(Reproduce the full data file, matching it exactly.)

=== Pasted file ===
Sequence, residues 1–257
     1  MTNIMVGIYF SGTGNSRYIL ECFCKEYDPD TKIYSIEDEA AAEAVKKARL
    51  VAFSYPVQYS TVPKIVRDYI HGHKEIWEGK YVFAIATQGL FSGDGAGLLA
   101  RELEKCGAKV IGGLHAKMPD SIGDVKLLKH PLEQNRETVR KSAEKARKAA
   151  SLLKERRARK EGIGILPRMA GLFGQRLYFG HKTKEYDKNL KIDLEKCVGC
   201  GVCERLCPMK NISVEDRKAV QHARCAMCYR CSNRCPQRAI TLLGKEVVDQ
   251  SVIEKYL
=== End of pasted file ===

Sequence, residues 1–257
     1  MTNIMVGIYF SGTGNSRYIL ECFCKEYDPD TKIYSIEDEA AAEAVKKARL
    51  VAFSYPVQYS TVPKIVRDYI HGHKEIWEGK YVFAIATQGL FSGDGAGLLA
   101  RELEKCGAKV IGGLHAKMPD SIGDVKLLKH PLEQNRETVR KSAEKARKAA
   151  SLLKERRARK EGIGILPRMA GLFGQRLYFG HKTKEYDKNL KIDLEKCVGC
   201  GVCERLCPMK NISVEDRKAV QHARCAMCYR CSNRCPQRAI TLLGKEVVDQ
   251  SVIEKYL